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What is Tysabri?

Tysabri (natalizumab) is a prescription medication for adult patients with relapsing forms of multiple Sclerosis. It is shown in clinical studies to slow the worsening of disability caused by MS and decrease the number of flare-ups, or relapses. Tysabri may also improve mental function in some patients. Tysabri works in a different way than other MS drugs by inhibiting white blood cells from getting into the brain and spinal cord and attacking nerves. It is generally recommended for patients who do not improve with, or can't tolerate other medications used to treat MS. This is because Tysabri increases the risk of progressive multifocal leukoencephalopathy (PML), a rare brain infection that can cause death or severe disability.

The Multiple Sclerosis Clinic at Virginia Mason is a registered clinic in the Tysabri Outreach: Unified Commitment to Health® (TOUCH) Prescribing Program, designed to educate and monitor all patients receiving Tysabri therapy. For more information about the TOUCH Prescribing Program and Tysabri, call the Multiple Sclerosis Clinic at (206) 341-0420.

Frequently Asked Questions (FAQs) About Tysabri

  1. Who should take Tysabri?
  2. Is Tysabri more effective than other MS medications?
  3. What makes Tysabri different?
  4. What are the possible side effects of Tysabri?
  5. How can I receive Tysabri?
  6. Can I find out if I have been exposed to the virus that causes PML?

1. Who should take Tysabri?
Patients should work closely with their doctor to determine if Tysabri is the right step in their treatment. The indications for treatment with Tysabri include an inadequate response or inability to tolerate other MS drug regimens. Tysabri is indicated for relapsing forms of MS, meaning that patients with progressive forms of the disease who still experience relapses may be candidates for the therapy.

2. Is Tysabri more effective than other MS medications?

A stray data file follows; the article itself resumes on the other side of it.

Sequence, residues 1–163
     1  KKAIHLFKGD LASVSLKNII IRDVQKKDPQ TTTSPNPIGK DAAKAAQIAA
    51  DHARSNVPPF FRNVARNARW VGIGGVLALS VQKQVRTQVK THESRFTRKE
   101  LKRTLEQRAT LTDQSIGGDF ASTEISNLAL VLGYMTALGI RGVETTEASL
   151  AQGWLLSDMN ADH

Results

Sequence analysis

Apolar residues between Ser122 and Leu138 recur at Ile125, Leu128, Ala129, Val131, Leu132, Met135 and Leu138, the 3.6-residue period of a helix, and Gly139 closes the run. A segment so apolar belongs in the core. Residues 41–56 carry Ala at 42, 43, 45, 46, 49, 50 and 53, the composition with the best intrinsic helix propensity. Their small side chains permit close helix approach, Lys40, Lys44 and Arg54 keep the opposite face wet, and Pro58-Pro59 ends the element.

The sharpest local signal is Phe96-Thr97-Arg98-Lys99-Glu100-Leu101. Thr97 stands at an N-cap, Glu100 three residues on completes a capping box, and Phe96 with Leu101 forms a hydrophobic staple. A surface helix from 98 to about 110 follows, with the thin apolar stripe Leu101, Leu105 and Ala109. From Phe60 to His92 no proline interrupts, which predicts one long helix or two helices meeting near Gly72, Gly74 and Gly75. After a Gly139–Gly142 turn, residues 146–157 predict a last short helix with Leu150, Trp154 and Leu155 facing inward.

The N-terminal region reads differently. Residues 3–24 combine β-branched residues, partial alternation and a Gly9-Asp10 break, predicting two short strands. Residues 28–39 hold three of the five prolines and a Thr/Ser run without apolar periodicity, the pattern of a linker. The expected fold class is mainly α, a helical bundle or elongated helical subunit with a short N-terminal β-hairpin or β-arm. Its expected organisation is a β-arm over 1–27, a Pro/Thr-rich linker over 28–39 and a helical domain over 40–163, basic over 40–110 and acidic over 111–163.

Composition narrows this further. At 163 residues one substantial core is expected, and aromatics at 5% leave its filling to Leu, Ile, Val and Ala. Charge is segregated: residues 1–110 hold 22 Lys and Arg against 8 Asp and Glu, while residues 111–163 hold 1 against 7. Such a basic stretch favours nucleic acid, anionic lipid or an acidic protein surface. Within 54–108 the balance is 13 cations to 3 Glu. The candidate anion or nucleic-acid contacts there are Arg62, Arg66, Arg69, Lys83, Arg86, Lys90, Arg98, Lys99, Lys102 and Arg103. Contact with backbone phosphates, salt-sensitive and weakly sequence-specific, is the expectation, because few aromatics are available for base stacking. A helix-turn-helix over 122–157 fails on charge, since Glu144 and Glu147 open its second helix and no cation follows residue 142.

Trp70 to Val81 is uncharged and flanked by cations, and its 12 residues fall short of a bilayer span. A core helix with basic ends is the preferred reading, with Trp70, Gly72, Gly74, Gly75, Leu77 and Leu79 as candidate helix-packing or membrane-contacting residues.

In a two-year study, some patients taking Tysabri experienced no relapses or flare-ups, no apparent disease progression and no new or newly active lesions seen on MRI. Overall, studies showed a 68 percent reduction in relapses, as opposed to a one-third reduction from interferon or glatiramer acetate-based medications. Also, Tysabri is the only MS therapy that has been shown to improve mental function and physical disability in some patients.

3. What makes Tysabri different?
Tysabri is an antibody against a gatekeeper molecule on blood vessels and is thought to work by preventing white blood cells from crossing the blood-brain barrier into the brain and spinal cord, preventing damage to nerves. Keeping white blood cells from attacking nerves is believed to result in fewer brain lesions that cause MS symptoms.

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4. What are the possible side effects of Tysabri?

The rarest, but most dangerous possible side effect of Tysabri is a brain infection called progressive multifocal leukoencephalopathy (PML). PML can occur in people with weakened immune systems. That's why Tysabri is not recommended for patients who have a medical condition that causes a weakened immune system, such as HIV/AIDS, leukemia, lymphoma, an organ transplant, and others. Also, patients taking medications that weaken the immune system may be at risk. All current medications must be reviewed prior to treatment with Tysabri.

Other serious side effects include allergic reactions and infections. Dangerous allergic reactions usually happen within two hours of receiving the Tysabri infusion, but they can also happen later. Patients are monitored for allergic reaction during the infusion and after by watching for symptoms such as:

  • hives
  • chills
  • itching or rash
  • breathing problems
  • nausea
  • chest pain
  • flushing of skin
  • dizziness
  • low blood pressure

More common Tysabri side effects can include:

  • headache
  • fatigue
  • urinary tract infection
  • lung infection
  • vaginitis
  • joint pain
  • diarrhea
  • rash
  • depression

5. How can I receive Tysabri?
Tysabri is prescribed by doctors who are enrolled in the TOUCH® Prescribing Program, at designated infusion centers. Patients also enroll in TOUCH to ensure proper monitoring and follow-up while undergoing Tysabri therapy. The TOUCH program and the Multiple Sclerosis Clinic at Virginia Mason make safety for every patient a priority. Patients receive a thorough evaluation prior to starting Tysabri, and will be monitored at each monthly infusion, with a full examination every three to six months during treatment. The TOUCH program was designed with help from the Food and Drug Administration to catch any potential PML cases as early as possible, as well as prevent them.

For more information about Tysabri or the TOUCH Prescribing Program, call the Multiple Sclerosis Clinic at (206) 341-0420.

6. Can I find out if I have been exposed to the virus that causes PML?
Yes. In winter 2011, a commercially available blood test, STRATIFY JCV™ Antibody, became available to test for evidence of exposure to the JC virus. Individuals who have a negative result on this test have a much lower risk of developing PML while taking Tysabri. We recommend that patients thinking about going on Tysabri have this test done to better understand the risk of PML. For those patients on Tysabri already we routinely follow this test result to monitor for changes and have ongoing discussions about your specific PML risks.

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